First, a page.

Bee Pathogen Programme

May 2020

Bee Pathogen Programme about NZ's honeybees

A large science and industry collaborative study, called the Bee Pathogen Programme, was undertaken by Biosecurity New Zealand from 2016 to 2018 to better understand the effects of disease, climate and apiary management on the health and productivity of New Zealand’s honeybees. Research and testing of samples are continuing as a result of the programme, and a further project has been developed.

Bees (and in particular honeybees) play a critical part in New Zealand’s biodiverse landscape and are an essential cog in our primary production machine. Aside from producing honey, they provide essential services to our pastoral and dairy farmers, and to the horticulture, arable and forestry sectors.

Because of the importance of bees to New Zealand’s primary industries, a significant body of work is undertaken by a variety of organisations to prepare for the most effective responses to any biosecurity threats that (inevitably) arise in New Zealand which may threaten bees. One example of this work is the Bee Pathogen Programme, undertaken by Biosecurity New Zealand. It was the forerunner to the ApiWellbeing Project.

From the spring of 2016 to spring 2018, on five separate occasions (six months apart) the largest and most detailed study of honeybee health undertaken in New Zealand was carried out by the Diagnostic & Surveillance Services of Biosecurity New Zealand. Samples from selected beehives were collected from around the country. Forty apiaries in the North Island and 20 apiaries in the South Island took part in the programme.

Bees were collected by experienced beekeepers acting on MPI’s behalf. They were trained to inspect hives for disease or exotic pathogens (such as varroa bee mite), collect data from the apiary managers and take samples from each apiary. The samples were then sent to MPI labs for further analysis.

Testing large samples can be challenging but there are ways results can be gained consistently and reasonable quickly. One of these methods is polymerase chain reaction (PCR), It involves identifying DNA and/or RNA from fungi, viruses, bacteria and parasites by crushing a sample of bees and placing them in a solvent to release any DNA and RNA present. The test is highly sensitive and selective and can quickly identity not only specific pathogens that might be in a sample but the amount in each bee.

Nosema spores were counted by eye, with technical staff using a similar method to that of getting human blood cell counts in the past. The study confirmed that the fungal parasites Nosema ceranae and Nosema apis, as well as the better-known varroa mite, were found to occur commonly in NZ bee populations. 

Other health issues for bees are; chronic bee paralysis virus (CBPV), black queen cell virus (BQCV), deformed wing virus (DWV), Kashmir bee virus (KBV), and American foulbrood (AFB). Another potential pathogen problem is small hive beetle (SHB). It has not yet been detected in New Zealand, but it is being tested for, along with tests for rarer diseases and other exotic pathogens. This is part of improving preparedness for any future incursions.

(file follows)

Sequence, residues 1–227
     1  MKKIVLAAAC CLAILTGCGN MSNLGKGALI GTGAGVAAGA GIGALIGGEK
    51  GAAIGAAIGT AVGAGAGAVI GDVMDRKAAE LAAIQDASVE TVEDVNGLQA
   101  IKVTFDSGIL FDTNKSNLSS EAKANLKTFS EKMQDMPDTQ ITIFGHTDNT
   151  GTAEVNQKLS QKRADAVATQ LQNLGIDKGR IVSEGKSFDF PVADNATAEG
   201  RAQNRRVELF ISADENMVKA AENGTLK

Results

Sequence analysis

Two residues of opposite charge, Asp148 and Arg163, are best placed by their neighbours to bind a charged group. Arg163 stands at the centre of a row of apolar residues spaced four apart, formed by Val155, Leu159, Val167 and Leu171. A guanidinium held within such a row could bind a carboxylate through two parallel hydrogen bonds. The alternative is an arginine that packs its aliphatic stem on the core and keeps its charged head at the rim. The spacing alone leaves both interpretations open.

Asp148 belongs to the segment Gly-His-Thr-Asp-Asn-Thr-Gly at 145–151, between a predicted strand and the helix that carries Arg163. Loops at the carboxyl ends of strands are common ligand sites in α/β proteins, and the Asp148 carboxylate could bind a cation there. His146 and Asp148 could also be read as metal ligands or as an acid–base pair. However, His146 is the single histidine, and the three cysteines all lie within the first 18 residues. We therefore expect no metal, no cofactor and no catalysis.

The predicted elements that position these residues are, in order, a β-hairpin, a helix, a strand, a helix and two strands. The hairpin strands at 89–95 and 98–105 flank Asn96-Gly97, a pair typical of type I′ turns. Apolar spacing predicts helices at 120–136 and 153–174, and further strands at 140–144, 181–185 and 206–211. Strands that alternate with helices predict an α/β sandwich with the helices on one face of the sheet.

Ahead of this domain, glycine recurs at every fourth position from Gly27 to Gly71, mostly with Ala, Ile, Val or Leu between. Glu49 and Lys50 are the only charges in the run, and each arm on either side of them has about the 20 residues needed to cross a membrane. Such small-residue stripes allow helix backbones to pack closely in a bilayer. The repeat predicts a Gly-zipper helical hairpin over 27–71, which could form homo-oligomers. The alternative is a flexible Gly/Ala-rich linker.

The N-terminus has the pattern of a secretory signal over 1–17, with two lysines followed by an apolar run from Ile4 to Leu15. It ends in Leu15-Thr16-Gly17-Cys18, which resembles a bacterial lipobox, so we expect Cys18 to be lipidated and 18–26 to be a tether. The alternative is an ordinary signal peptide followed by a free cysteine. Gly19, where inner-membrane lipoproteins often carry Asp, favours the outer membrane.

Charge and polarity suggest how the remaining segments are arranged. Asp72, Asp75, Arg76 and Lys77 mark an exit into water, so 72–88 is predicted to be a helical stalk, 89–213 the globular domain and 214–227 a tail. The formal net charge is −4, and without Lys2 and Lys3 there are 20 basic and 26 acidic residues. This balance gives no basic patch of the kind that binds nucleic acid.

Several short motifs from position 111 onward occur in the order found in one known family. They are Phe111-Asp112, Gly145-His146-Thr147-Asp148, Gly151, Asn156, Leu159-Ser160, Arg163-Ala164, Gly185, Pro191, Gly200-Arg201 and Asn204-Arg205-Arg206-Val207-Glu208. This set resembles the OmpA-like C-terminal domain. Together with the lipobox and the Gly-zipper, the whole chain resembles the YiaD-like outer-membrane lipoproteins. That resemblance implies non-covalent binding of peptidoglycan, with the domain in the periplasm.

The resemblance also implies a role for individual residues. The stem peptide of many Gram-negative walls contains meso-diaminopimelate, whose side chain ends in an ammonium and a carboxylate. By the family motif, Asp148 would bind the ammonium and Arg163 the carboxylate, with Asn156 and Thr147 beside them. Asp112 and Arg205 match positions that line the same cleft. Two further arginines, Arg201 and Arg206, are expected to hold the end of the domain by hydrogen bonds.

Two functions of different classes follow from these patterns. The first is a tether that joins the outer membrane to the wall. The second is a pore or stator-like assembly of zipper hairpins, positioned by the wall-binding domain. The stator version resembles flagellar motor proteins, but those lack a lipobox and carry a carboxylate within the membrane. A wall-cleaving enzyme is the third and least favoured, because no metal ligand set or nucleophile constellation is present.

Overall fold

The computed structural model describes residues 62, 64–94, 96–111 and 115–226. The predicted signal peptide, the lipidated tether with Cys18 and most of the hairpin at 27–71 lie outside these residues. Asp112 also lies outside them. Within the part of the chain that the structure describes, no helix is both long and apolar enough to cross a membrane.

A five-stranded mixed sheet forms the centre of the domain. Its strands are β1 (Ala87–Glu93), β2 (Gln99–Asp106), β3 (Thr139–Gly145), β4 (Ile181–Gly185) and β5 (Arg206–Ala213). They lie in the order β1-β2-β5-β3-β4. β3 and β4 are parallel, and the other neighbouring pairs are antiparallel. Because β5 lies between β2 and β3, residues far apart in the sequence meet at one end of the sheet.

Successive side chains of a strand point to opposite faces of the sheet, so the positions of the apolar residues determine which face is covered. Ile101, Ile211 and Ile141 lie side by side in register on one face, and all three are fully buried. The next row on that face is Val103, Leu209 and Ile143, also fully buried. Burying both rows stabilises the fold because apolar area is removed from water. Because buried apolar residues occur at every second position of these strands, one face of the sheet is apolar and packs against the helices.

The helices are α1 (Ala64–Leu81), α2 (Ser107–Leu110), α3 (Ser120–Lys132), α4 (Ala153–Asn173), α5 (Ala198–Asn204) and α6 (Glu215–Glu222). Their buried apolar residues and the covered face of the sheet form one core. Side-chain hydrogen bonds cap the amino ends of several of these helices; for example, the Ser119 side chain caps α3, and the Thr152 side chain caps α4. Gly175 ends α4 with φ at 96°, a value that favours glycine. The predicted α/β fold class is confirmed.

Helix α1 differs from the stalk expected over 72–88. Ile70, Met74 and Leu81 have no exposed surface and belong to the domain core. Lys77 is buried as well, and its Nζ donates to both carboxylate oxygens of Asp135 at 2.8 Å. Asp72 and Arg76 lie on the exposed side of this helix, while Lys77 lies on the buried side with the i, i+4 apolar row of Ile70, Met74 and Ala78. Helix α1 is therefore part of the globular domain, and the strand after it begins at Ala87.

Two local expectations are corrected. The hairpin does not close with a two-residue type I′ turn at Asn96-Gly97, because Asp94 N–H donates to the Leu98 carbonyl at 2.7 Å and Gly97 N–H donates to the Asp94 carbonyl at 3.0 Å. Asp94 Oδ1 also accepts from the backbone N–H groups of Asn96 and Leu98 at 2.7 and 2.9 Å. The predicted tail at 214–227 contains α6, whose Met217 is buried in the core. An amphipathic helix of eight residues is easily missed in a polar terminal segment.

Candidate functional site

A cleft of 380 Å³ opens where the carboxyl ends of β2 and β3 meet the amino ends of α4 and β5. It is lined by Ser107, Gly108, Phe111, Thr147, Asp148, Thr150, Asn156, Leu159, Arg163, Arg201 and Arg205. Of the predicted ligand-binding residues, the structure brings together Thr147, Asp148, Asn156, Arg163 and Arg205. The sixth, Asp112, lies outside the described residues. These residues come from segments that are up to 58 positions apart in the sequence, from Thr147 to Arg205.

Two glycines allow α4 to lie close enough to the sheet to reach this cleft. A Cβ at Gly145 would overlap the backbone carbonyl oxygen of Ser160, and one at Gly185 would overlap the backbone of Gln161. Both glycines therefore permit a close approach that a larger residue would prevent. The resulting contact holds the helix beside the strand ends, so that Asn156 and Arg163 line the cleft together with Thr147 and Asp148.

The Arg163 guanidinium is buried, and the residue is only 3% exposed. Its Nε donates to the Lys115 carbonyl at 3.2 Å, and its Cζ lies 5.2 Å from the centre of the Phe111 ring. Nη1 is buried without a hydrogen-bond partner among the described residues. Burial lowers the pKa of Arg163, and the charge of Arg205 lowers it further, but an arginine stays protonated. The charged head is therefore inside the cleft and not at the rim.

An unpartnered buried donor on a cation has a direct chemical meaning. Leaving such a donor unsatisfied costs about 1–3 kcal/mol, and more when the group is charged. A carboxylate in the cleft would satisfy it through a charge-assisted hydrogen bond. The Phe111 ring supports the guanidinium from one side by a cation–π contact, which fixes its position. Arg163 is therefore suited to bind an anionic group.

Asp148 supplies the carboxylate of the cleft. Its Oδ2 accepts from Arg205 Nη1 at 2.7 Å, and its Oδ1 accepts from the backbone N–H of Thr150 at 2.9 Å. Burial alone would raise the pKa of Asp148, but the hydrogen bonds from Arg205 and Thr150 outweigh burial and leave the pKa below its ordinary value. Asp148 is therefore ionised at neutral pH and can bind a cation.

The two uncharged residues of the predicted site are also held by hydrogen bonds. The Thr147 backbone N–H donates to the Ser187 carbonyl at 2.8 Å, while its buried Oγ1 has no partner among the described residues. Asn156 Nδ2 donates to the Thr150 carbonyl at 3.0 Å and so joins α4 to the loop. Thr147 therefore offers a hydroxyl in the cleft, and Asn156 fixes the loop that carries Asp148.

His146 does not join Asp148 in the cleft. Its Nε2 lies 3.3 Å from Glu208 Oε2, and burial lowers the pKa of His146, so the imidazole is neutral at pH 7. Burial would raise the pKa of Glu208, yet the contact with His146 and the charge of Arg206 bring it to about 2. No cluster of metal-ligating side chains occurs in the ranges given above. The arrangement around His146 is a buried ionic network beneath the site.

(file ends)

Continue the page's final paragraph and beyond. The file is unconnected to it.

All of the above can cause devastating impacts on a colony, so one of the aims of the research was to discover how widespread these pathogens are. Following that, to understand why some colonies are more resistant or less impacted.

Some colonies are more resistant to pathogens and disease and (unsurprisingly) good management practice appears to play an important role in minimising the harm caused by (and spread of) disease. Stress, overcrowding, under-nutrition, hive and equipment hygiene all affect the impacts of disease. 

Some factors are more easily controlled by apiary management than others. For example, it was found that Nosema cerane was present in nearly half of all apiaries in the study in the spring of 2016. It can cause colony loss over winter or in early spring. As this organism originated in Asia, it can be killed by freezing. Management techniques that can reduce the impact of the N. ceranae parasite are; ensuring well stocked hives (with pollen and honey) going into winter, as well as placing hives in sunny locations to encourage cleansing flights during winter. Sterilising equipment between hives is also important to prevent the spread of disease. 

Transfer of infection of a number of pathogens can happen by mites but also by foraging bees visiting flowers that have been previously visited by infected individuals and then returning to the hive. 

The study has also provided opportunity for collaboration with other agencies. Working in conjunction with Gisborne-based diagnostic company, dnature, work is ongoing to produce a test that can identify the different types of American Foul Brood that exist, which will in turn improve the detection and traceability of the disease. New trapping methods, further molecular testing and more detailed analysis of the samples that have been taken are currently being worked on.

The ApiWellbeing Project is a combination of outreach and extension work on American Foul Brood. It began when the Bee Pathogen Programme finished.  Dr Richard Hall, Senior Scientist at Biosecurity New Zealand, explains they are translating the scientific data and knowledge gained from the previous three years work and putting it into an accessible format that beekeepers can quickly and readily digest. 

It also involves working with the American Foul Brood pest management agency and collecting further samples from hives affected by AFB. A genetic analysis will then be done to better understand the dynamics of how AFB might be moving between hives in New Zealand, or what is present now, and what pathogens are the disease-causing types of AFB.


Showdown Productions Ltd – Rural Delivery Series 15 2020